Showing Kindness In Difficult Times

Showing Kindness In Difficult Times

Follow Michelle Obama’s Advice – “When They Go Low, We Go High”

 

This recent election has put our country in turmoil. Never in my life have I seen such a split in political opinions and what is best for the nation. One thing that keeps me moving forward and reminds me of what’s important is my kids. I don’t want my kids to grow up in a world of racism and hate. I don’t want those views to infiltrate our lives.

 

Regardless of what is happening outside the walls of my family’s home, I can define what is important to our family and help make our piece of the world a better place. I’m not one to wallow in sadness and I face challenges by rolling up my sleeves and digging in.

 

These next four years will be no different. Regardless of what is happening on the national and international fronts, I still have influence on my children. A fellow parent told me that her 7 year old daughter told her, “at least the president is not the boss of us at home, mom.” I’m taking her advice. My home is still in my control. What I teach my children and who we surround ourselves with is within our control.

 

Be kind every day.
Be kind every day.

 

 

Use Kindness To Create Peace

 

I have seen a movement among many of my friends and neighbors to be extra kind to others since the election. To show that hate and fear don’t win. I try to teach my kids how fortunate they are to live in the United States and have two parents who love them unconditionally and provide everything they need. Not every child has those luxuries.

 

We participate in opportunities to give during the holiday season. We make boxes for Operation Christmas Child and donate toys to Toys for Tots. We also participate in Random Acts of Kindness week at his school. I am now committed to practicing acts of kindness throughout the year.

 

I want my kids to see us go high, even though we feel low. I hope that our new president will surprise us and find a way to unite the country. However, even if he doesn’t, I will not allow the principals he ran on to enter my home. My community. My children’s world.

 

Anyone can be kind, there are no restrictions.
Anyone can be kind, there are no restrictions.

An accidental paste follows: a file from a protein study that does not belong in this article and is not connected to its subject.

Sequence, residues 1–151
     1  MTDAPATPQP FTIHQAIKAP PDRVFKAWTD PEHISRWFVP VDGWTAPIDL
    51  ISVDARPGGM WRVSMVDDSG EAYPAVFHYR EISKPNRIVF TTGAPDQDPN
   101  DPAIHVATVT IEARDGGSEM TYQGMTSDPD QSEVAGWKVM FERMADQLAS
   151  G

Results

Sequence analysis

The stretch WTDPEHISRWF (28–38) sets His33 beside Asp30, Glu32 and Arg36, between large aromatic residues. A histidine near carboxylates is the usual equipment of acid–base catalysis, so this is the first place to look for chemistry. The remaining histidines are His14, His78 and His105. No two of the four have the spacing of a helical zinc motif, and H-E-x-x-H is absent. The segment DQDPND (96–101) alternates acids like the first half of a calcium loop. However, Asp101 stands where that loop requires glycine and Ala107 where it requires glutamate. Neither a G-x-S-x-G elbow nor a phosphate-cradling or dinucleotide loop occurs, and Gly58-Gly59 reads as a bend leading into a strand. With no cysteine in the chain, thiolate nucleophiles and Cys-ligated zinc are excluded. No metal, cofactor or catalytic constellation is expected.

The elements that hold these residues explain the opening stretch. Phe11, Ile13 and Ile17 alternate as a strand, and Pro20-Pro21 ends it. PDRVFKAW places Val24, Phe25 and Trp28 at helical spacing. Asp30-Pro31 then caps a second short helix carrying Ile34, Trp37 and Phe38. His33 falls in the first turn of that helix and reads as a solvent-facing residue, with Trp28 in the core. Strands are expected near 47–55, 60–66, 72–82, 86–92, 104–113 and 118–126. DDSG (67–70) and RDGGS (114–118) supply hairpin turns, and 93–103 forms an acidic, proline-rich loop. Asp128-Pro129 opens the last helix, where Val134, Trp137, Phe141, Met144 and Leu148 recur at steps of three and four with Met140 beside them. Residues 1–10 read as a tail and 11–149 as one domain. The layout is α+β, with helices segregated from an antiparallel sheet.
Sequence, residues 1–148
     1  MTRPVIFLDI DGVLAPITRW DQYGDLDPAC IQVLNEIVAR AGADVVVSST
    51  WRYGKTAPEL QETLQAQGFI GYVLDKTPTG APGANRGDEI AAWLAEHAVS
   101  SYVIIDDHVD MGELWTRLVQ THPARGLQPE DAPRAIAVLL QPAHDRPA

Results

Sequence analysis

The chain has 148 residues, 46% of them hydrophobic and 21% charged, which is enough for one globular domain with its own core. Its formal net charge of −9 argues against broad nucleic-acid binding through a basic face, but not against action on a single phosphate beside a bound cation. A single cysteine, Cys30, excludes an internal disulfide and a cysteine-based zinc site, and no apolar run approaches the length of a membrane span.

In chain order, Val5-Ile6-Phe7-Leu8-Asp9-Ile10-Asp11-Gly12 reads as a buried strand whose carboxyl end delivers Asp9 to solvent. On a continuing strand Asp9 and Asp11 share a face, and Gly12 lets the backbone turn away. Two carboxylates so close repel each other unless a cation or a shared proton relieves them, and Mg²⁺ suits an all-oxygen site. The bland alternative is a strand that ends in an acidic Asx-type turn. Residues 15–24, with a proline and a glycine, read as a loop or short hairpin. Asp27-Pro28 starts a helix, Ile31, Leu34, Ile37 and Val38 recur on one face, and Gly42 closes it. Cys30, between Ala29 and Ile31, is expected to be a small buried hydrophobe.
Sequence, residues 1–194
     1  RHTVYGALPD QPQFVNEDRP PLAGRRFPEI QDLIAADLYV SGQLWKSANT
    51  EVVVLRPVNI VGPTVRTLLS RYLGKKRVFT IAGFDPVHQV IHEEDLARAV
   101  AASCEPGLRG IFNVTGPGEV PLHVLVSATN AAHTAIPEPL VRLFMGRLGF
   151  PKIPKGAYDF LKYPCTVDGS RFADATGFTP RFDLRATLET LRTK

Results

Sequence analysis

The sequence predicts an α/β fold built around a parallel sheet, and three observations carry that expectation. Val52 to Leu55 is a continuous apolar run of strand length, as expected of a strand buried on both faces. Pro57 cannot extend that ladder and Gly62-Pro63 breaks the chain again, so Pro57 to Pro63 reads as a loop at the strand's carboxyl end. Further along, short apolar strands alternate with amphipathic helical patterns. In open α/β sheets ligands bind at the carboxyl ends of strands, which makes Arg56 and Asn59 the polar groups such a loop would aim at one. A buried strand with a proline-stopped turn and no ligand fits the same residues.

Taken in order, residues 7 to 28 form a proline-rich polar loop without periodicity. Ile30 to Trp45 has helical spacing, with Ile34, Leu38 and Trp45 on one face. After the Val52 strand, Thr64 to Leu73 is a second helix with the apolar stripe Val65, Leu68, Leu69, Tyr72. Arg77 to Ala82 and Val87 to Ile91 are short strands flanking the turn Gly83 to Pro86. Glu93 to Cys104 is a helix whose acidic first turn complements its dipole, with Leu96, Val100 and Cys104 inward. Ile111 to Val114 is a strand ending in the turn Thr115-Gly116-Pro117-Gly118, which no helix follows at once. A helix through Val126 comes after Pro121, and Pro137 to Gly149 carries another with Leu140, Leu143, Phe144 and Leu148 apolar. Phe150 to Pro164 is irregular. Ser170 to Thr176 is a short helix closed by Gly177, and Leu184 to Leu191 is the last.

Small Acts of Kindness Kids Can Do

 

These kindness acts are things your kids can do in and out of their community, without much help. Two years ago, my son’s school read a book about filling people’s bucket. The basic premise was, when you do something nice for someone, you fill their bucket. When you do something mean to someone, you are taking from their bucket. The goal, obviously, is to fill people’s bucket with kindness.

 

If your kids are younger, you can create a visual bucket to help them understand. Draw a bucket and put a sticker in the bucket every time they do a kind act. These acts can be at home. Kindness starts at home.

 

  • Be kind to a sister or brother or do something nice for a sibling.

 

  • Be kind to a neighbor. Greet a neighbor, leave them a note or do something nice for them (pick up trash in their yard, water their flowers, leave them flowers).

 

  • Be kind to a friend at school. Last week, my son’s friend gave him an envelope in the morning. I was curious to see what it was when he got home. His sweet friend wrote a note telling him that he had an extra Pokemon card that he knew my son didn’t have so he wanted to give it to him. My heart melted.

 

  • Be kind to a kid at school who doesn’t have friends or is different from them. They can invite a child they don’t normally play with to join them or sit with someone different at lunch.

 

  • Be kind to a teacher. I have seen children at my son’s school bring a teacher coffee or flowers. Their teachers literally light up.

 

  • Be kind to a substitute. This is a bigger challenge for older kids. It seems to be the cool thing to be difficult when you have a substitute teacher.